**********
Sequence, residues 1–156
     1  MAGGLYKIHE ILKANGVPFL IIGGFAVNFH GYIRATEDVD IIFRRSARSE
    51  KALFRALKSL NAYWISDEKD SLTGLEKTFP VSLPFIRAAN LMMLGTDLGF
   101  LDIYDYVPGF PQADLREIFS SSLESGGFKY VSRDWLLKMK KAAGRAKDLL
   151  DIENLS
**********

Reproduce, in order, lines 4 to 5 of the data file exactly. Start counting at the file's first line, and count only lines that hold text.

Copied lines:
   101  LDIYDYVPGF PQADLREIFS SSLESGGFKY VSRDWLLKMK KAAGRAKDLL
   151  DIENLS